Ag picture


- Late fall fertilization with a 50% slow release nitrogen fertilizer
- Final mowing lower than the summer, about 2 inches, to reduce potential fungal problems in late winter/early spring
- Remove leaves to avoid smothering the grass
- Lawns can be topdressed with compost - not more than 1/8 of an inch
- Winterize irrigation systems

Landscape Plants

- Fall planting should be completed as soon as possible
- Make sure there is adequate soil moisture before ground freezes
- Beds can be mulched once ground begins to freeze
- Protect tender plants and evergreens most susceptible to cold, drying winds using barriers or protective sprays
- Dormant oils for overwintering mites and insect pests can be applied but should be applied when temperatures are above 40 degrees
- Contact your local extension office for a Pick-Your-Own Christmas Tree brochure

Herbaceous Perennials, Biennials and Annuals

- There is still time to dig up tender bulbs, rhizomes and tuberous roots such as Dahlias, Cannas, and tuberous Begonias
- Trim back dead stems of herbaceous perennials
- Do not trim the inflorescences (flower stalks) of ornamental grasses since they provide winter interest
- Frost has probably killed many of the annuals and can be removed and placed in the compost pile
- Certain annuals can be tender perennials like dusty miller and survive mild winters
- Mulch beds (3-4 inches) after ground begins to freeze to prevent thawing and heaving of perennials and biennials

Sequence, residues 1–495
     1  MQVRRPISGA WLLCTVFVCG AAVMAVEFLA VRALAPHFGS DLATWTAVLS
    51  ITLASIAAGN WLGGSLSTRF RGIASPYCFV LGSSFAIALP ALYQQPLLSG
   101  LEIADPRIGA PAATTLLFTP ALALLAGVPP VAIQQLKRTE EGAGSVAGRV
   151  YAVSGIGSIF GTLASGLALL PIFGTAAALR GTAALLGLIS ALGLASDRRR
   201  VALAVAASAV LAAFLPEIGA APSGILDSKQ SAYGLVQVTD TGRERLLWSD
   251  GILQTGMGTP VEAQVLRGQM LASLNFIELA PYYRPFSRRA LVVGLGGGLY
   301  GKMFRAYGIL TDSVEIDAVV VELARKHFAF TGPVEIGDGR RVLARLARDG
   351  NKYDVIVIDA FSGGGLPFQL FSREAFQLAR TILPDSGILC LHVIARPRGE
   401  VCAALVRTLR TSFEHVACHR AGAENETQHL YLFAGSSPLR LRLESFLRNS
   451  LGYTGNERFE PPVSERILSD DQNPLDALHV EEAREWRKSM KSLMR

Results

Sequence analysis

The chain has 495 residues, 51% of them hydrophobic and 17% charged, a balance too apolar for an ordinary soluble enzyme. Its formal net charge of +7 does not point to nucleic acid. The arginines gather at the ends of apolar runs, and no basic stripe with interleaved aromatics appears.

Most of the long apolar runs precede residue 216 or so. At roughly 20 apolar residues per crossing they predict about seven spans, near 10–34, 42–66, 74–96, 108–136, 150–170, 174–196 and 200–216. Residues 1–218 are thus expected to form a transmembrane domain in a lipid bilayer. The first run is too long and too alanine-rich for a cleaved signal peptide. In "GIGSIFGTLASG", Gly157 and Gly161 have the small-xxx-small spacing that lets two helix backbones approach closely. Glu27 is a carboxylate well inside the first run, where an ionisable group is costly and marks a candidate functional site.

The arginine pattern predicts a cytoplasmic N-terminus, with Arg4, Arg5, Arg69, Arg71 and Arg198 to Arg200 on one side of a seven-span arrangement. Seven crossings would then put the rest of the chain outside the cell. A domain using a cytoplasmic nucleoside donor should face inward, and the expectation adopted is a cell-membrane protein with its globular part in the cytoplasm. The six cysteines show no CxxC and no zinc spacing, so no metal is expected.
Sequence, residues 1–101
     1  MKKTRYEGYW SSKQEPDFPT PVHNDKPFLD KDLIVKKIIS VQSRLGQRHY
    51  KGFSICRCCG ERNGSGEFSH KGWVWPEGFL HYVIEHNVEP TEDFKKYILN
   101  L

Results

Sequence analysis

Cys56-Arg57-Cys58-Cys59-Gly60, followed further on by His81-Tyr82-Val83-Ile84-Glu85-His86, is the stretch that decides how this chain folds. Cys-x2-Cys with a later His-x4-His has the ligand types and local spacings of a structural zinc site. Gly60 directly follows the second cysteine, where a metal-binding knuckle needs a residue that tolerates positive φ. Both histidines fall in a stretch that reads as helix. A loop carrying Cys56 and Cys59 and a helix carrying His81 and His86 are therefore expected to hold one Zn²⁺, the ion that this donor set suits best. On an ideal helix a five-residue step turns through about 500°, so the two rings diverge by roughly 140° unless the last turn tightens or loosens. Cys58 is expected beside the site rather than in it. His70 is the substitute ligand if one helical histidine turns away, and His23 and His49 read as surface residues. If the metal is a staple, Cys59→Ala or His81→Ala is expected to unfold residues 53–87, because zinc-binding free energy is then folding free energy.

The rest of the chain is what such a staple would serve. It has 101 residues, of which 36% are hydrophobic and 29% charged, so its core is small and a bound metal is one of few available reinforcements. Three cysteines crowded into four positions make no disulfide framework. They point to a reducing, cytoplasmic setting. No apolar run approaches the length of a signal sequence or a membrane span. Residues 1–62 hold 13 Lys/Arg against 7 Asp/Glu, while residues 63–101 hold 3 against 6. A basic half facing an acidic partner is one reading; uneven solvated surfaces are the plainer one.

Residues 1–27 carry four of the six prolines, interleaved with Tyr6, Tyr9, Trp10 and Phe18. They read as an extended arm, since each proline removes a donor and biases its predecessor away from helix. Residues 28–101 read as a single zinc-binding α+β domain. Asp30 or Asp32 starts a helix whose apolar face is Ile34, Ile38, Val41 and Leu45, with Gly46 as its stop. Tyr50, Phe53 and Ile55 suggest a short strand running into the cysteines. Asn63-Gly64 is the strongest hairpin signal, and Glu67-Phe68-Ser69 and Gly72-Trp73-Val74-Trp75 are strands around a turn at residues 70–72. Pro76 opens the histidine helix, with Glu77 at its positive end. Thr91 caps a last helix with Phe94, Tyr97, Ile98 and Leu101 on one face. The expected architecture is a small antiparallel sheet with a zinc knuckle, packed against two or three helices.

Vegetable Garden

- Harvest cool season crops like cabbage, cauliflower, broccoli, spinach, kale and turnips - these can also be found at your local farm market
- Finish the garden clean-up and plant a cover crop
- Mulch (straw, salt hay, leaves, etc.) overwintering vegetables and herbs like beets, parsnips, rosemary, lavender, and thyme.


- Monitor plants for insect problems if they were outside this summer
- Avoid excessive fertilization of plants - it is a time of rest for many plants
- Provide light and moisture according to the needs of each plant. For example, holiday cactus prefer cool, bright area with minimal water requirements
- Minimize the plant-s exposure to temperature extremes - cold and heat

If Plants Could Talk features gardening tips from local university experts, successful farmers, master gardeners, and many other plant experts. Topics include new and interesting plant varieties, safe and effective pest control, step-by-step cultural tips for landscape and garden, and visits to local farms, arboretums, and backyard gardens.

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This Month's Feature
Plant Talk
Plant Talk
Bill Hlubik's weekly article for 5/22/2008
List of Trees for Fall Interest
List of Trees for Fall Interest
List of trees that will add beauty and color to your fall landscape.
Growing Apples
Growing Apples
Watch Bill Tietjen as he demonstrates what to look for to produce healthy apples.
The Delaware and Raritan Canal State Park
The Delaware and Raritan Canal State Park
Enjoy the wildlife and fall foliage at the Delaware and Raritan Canal State Park